White Building Residents Face an Uncertain Future

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In early September 2014, it was declared that the White Building, home to approximately 2,500 inhabitants, would be demolished as it is structurally unsound and a threat to its inhabitants. The building was created in 1963 by the then Prince Norodom Sihanouk to provide low-cost housing for Phnom Penh’s growing population, and was a symbol of social security. Today its residents are faced by substantial insecurities and potentially forced evictions.

The White Building was designed by architects Lu Ban Hap and Vladimir Bodiansky, and has a total of 468 apartments. It is considered a prime example of the New Khmer architectural movement, which was underpinned by the famous architect Vann Molyvann. Molyvann is well-known for many notable structures, including the Independence Monument, the Council of Ministers, and the State Palace.

The White Building shelters largely low-income residents, and is linked to stigmas of drug dealing, prostitution and human trafficking. However, it is home to a vibrant community of predominantly civil servants, artists, dancers, teachers and street vendors. For example, Sa Sa Art Projects is an artist-run space for experimental art practices that is located within the building. The not-for-profit organization is the only one of its kind in Phnom Penh. It facilitates knowledge production and sharing, and holds artistic events that are accessible to all Cambodians.

Rumors have sparked that the White Building might be demolished for development purposes. It is located on prime real estate in the heart of Phnom Penh. 7NG, a development company that owns the land adjacent to the building, has allegedly been attempting to buy apartments one by one, according to residents. It is therefore a concern that the potential eviction of residents from the White Building could be a push by the Royal Government of Cambodia (the “RGC”) and Cambodian elites to further their own interests, rather than protect the safety of the over 600 families living there.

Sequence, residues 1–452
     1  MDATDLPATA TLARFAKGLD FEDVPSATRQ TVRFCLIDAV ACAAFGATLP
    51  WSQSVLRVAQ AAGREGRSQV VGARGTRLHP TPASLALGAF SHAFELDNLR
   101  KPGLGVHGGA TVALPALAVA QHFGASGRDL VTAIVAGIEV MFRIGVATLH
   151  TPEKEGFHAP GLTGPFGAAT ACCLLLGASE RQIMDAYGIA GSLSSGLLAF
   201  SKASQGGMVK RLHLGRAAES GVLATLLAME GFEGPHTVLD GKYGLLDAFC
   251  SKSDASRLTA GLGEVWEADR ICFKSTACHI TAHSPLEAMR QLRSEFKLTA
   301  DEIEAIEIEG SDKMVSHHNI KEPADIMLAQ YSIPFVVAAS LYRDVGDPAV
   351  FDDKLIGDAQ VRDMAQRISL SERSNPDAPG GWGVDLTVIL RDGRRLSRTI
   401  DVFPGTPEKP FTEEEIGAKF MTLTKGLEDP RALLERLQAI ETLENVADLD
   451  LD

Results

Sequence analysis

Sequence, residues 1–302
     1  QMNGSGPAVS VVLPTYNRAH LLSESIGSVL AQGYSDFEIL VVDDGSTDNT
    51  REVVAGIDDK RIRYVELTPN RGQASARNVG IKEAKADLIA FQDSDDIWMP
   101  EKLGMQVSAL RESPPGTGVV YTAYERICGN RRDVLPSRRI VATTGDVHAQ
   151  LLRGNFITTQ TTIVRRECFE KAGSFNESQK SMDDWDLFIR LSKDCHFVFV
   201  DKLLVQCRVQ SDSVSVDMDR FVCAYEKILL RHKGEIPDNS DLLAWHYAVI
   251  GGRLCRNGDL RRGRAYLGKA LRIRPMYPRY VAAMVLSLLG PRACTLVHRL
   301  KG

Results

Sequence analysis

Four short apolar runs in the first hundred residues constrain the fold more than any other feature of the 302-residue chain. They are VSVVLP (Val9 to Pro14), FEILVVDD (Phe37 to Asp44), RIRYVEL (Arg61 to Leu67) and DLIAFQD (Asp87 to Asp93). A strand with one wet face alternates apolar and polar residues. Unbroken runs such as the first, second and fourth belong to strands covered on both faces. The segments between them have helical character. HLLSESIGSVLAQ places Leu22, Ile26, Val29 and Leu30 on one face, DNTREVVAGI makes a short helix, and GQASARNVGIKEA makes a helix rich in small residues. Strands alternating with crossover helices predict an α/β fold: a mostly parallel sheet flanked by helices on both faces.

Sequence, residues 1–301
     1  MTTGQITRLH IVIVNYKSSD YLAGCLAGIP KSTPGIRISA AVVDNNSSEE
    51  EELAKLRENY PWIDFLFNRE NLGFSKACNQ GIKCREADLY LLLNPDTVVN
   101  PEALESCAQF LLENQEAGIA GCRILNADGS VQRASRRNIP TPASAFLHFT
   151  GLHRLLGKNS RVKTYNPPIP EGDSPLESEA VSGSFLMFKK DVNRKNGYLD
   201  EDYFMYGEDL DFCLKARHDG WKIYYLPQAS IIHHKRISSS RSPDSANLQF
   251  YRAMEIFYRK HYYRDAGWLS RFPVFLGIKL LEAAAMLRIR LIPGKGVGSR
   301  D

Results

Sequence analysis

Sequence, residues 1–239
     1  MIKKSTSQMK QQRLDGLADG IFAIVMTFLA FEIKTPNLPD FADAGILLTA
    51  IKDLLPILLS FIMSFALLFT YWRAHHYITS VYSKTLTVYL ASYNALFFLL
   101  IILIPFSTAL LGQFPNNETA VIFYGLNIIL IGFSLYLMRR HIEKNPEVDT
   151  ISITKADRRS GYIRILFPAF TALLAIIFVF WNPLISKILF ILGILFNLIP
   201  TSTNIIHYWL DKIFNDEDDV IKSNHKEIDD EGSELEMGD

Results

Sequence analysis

Residents will allegedly be relocated to the Chroy Changva district, on an island in the Mekong River that is connected to Phnom Penh by the Japanese Bridge. Overseas Cambodian Investment Corporation (“OCIC”) is building an apartment block that will supposedly house White Building residents and other people evicted from various areas throughout Phnom Penh. White Building residents are concerned, however, that they may be relocated further from the city to inadequate housing. Ironically, OCID has pushed at least 16 families from their land in the same district that they are building the new apartments.

It is clear that the residents of the White Building are reluctant to leave their homes. If there was genuine concern for the residents, and the historical importance of the White Building, the RGC could fund the building’s renovation. Instead, the residents might be moved to new apartments, and potentially more Cambodians will be pushed out of their housing.

Lois Gauthier and Sami Shearman, CCHR International Interns, contributed to this blog post. 

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